But the problem is that, again, it is a confluence really of the two pandemics. We know that the response to COVID should be to mitigate risk. And similarly, when George Floyd was murdered, the appropriate response was outrage and protest. That's an appropriate response to a different public health pandemic, one of structural racism, but we need to respond to both crises at the same time. We need to do whatever we can to mitigate the impact of a protest being a mass gathering.
Do you feel like there is anything missing in the coverage of Portland you're seeing nationally? Is it an accurate assessment of the city right now?
I think that what is being portrayed is very small, maybe a two square block area of downtown Portland, between the hours of 10:00 PM and 3:00 AM.
I think that is lost in the conversation.
Where does Portland go from here?
I honestly don't know. One thing I appreciate has been the effort to bring back the focus to what prompted the protests in the first place. This is now, I think, the 60th day of protest. This is about racial injustice, the violence perpetrated by police against people of color, particularly Black men. This is what we have been protesting for, and that focus I feel was lost somewhat, with the seeming occupation of these federal troops. I believe, led by the Black Lives Matter movement and other Black leaders in the community, that we can bring back the focus to the issues that originally sparked the peaceful protest.
Is there any sign of the federal occupation leaving?
I have not seen any indication of that, which also is very scary. I think that that's part of that challenge of sorting through the confluence of so many elements. For example, if the endpoint for one aspect of protest is federal agents disarming and leaving the city, I don't see that happening any time soon, because I don't think that they feel any incentive to leave. There are so many different goals and purposes mixed in protest right now that we can't rely on any one thing happening to diffuse the larger picture of protest. What we need to do, I believe, is highlight the change that we want to see in the Black Lives Matter movement, and separate that out. Highlight a peaceful way of protesting against the federal occupation in Portland, and separate that and address that. If these issues are dealt with separately, they wouldn't be all conflated into this one giant protest, which I think only serves to divide.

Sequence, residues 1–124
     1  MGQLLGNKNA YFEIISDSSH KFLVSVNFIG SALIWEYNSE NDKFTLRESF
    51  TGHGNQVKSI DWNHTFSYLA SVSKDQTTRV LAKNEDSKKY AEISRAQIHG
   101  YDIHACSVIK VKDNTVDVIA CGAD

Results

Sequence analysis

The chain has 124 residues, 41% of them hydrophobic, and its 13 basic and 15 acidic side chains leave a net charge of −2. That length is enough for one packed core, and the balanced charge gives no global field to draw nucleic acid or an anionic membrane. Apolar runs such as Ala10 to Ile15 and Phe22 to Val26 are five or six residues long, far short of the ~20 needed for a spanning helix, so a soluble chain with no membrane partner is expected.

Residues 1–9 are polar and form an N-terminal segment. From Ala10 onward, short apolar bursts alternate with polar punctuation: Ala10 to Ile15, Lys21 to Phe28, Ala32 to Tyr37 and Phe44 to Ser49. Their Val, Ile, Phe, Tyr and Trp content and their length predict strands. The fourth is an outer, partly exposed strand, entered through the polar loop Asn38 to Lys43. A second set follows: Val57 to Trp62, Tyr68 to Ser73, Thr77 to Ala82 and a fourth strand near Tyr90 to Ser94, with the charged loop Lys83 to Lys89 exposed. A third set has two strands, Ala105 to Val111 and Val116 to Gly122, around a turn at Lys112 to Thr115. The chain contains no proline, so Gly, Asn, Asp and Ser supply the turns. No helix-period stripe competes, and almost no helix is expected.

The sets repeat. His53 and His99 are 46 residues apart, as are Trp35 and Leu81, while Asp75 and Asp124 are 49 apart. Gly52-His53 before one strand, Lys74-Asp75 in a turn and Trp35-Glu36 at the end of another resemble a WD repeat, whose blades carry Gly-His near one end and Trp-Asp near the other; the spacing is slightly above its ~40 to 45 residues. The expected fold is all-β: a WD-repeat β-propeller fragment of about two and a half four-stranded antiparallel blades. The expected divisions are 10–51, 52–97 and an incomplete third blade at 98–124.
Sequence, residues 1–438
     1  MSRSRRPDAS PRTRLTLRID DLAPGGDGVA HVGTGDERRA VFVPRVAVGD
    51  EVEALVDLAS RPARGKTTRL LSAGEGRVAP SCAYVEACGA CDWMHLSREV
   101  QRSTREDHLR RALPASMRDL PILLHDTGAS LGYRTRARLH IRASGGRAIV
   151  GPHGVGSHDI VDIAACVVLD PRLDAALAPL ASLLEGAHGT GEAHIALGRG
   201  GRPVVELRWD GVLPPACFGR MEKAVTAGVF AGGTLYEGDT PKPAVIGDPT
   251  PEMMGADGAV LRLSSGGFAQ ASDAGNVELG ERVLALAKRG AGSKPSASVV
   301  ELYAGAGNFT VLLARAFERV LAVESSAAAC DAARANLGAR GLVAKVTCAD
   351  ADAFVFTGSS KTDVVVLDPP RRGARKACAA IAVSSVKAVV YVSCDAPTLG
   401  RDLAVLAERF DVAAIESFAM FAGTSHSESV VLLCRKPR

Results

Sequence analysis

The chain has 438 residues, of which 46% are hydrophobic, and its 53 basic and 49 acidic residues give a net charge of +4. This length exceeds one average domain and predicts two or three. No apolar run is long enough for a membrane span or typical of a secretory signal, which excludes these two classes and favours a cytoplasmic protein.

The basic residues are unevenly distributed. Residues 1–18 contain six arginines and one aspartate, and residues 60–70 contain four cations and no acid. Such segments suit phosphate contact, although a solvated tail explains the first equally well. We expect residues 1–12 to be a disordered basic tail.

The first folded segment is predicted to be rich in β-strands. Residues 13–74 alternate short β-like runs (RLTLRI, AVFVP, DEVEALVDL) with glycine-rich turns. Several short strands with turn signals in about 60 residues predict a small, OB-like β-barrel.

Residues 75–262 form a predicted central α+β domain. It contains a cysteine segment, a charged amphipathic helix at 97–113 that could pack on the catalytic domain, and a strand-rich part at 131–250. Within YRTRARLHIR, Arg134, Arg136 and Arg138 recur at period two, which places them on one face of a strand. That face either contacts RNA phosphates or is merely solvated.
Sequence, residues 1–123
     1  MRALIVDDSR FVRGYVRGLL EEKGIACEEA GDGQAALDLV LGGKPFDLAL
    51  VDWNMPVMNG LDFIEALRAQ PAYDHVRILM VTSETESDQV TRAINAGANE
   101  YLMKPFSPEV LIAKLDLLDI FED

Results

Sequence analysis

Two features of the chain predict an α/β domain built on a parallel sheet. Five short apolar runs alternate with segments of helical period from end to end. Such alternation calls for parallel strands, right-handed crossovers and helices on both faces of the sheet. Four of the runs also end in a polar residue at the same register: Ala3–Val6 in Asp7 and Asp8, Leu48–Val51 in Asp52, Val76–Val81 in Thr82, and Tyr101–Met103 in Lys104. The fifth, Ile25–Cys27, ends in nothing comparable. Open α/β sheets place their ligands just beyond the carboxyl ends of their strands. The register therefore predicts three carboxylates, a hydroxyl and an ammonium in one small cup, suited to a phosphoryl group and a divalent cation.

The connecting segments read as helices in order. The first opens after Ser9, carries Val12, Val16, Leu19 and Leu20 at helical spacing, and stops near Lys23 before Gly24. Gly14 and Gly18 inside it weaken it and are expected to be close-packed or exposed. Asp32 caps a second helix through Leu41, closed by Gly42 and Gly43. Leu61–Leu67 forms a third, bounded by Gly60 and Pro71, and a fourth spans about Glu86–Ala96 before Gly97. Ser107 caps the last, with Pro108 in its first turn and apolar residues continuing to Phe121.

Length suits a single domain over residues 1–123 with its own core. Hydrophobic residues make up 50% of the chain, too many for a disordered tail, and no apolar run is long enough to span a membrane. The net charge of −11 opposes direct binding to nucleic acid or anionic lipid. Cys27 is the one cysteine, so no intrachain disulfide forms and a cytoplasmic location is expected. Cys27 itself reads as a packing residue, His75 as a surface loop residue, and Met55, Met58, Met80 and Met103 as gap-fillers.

[Shortly after this interview, there was an announcement, without any warning and without engagement of local government, that Governor Brown and the Trump administration had reached an agreement about federal troops leaving. I was as surprised as anyone, and am hopeful this will result in the de-escalation of the violence incited by the presence of the federal officers. I also hope this failure and escalation of violence will prevent the Trump administration from deploying federal agents to other communities. However, I understand federal officers are still present in Portland, and it is difficult to get any specific information on this.]